Volvo V40 T5: Review – PistonHeads

5 Jul 2014 | Author: | Comments Off on Volvo V40 T5: Review – PistonHeads

VOLVO V40

T5: REVIEW

The Volvo V40 is a stylish car, and is attention-grabbing even when not painted in vivid Rebel Blue. Not convinced? OK, when was the last time you saw a BMW 1 Series, Audi A3 or Mercedes A-Class and thought ‘Mm, there’s a really good-looking car.

Polestar influence only extends to the paint

It’s a theme that carries over (largely) to the V40’s interior also. The TFT instruments are cool and crisp, whilst the floating dash is still an attractive design. Unfortunately, as far as ergonomics are concerned, that’s the end of the V40’s positives.

The centre console is a SNAFU of buttons, dials and switches that prove largely unfathomable prior to proper acclimatisation. Furthermore, even when familiar with their functions, the buttons are too small to hit at speed. Adding to the frustration is that the individual systems, particularly the navigation and radio, actually operate very well.

All in a (long-winded) name

Unfortunately, its strengths are undermined by the dire six-speed auto. Upshifts are smooth enough at lower speeds, but are frustratingly slow when pushing on. There are no steering wheel paddles either, plus changing on the shifter requires ‘wrong’ movements.

It doesn’t really need to kick down given the torque but, when it does, it’s too slow.

But in one gear and with a few corners, the V40 feels good. It’s rather aloof, with little sense of connection through the steering, but it doesn’t feel wholly dictated by that engine out front. You don’t need to Harris-like senses to note the decent sense of agility that eventually collapses into a predictably soft cushion of understeer and overall the V40 isn’t dissimilar to the S60 T6 Polestar . Competent and strong without ever being truly involving, in other words.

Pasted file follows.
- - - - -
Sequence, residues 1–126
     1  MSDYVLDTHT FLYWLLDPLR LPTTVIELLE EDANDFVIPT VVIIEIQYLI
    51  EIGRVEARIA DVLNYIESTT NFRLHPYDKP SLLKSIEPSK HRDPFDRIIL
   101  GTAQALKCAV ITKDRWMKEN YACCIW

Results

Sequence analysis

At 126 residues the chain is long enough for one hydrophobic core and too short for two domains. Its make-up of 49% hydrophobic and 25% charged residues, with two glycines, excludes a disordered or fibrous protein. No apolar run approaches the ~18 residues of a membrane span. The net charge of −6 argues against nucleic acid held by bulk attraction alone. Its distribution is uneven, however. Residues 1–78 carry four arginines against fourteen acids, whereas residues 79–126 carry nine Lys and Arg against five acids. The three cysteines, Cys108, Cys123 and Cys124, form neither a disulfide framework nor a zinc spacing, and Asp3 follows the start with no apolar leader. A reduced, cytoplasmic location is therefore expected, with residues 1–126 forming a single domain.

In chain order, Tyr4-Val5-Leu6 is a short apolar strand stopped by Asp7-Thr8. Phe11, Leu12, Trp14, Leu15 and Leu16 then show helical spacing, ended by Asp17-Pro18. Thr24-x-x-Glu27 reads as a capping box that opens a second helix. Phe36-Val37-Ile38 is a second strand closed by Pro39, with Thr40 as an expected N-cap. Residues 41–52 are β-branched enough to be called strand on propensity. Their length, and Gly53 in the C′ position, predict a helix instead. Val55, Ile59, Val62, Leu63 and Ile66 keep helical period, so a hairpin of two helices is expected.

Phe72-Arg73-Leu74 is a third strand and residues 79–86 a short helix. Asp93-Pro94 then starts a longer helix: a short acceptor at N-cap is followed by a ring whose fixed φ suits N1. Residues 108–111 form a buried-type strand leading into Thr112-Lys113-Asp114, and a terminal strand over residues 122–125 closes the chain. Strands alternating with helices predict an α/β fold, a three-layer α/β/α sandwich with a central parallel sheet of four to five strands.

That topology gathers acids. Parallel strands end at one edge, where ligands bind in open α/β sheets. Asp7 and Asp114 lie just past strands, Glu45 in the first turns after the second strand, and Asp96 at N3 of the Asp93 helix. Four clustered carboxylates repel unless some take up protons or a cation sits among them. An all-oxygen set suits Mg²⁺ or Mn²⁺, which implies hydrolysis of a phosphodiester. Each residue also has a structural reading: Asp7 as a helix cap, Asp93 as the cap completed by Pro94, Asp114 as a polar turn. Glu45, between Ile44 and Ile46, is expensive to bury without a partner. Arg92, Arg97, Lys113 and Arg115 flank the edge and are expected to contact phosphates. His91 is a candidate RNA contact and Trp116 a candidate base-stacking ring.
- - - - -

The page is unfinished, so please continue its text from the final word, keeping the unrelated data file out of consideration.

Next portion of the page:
Crash, bang, wallop

No discussion of the latest V40 is complete without reference to its ride. Our T5 was on a standard set-up and certainly wasn’t flawless; the 225/40R18 tyres generate a lot of noise, marring the high overall refinement levels. But of greater note is just how crashy it can feel, wheels thumping down into potholes and lacking the composure of rivals.

It does warble, just quite modestly

And what rivals they are. Without a single option, the T5 R-Design is Ј31,390, which places it squarely against that BMW and the Audi S3 Sportback is expected at around that price too. A five-door Volkswagen Golf GTI Performance is Ј3,000 cheaper if not quite as fast. To compound the Volvo’s problems, our test car came with options such as a Ј1,000 sunroof that pushed the total cost to Ј38,115.

That’s A45 AMG money.

The unfortunate reality is that the V40 simply cannot compete at the price. However, on our trip to Spa . it was a great companion; the ride was smoother at higher speeds, the seats are wonderfully comfortable and the (optional) stereo was great.

The point is these are traits available on lesser V40s, which must surely offer a more complete package. Smaller wheels combined with a lighter kerbweight (the 1.6-litre turbo is 120kg less than the T5!) can only improve the dynamic balance, and the price would be closer to its direct rivals. As a competitor for the lesser Golfs and A-Classes of this world, the V40 would definitely warrant serious consideration.

As a hot hatch though, it simply can’t cut it.

Power (hp): 254@5,400rpm

Torque (lb ft): 265@1,800-4,200rpm

0-62mph: 6.1sec

Top speed: 155mph

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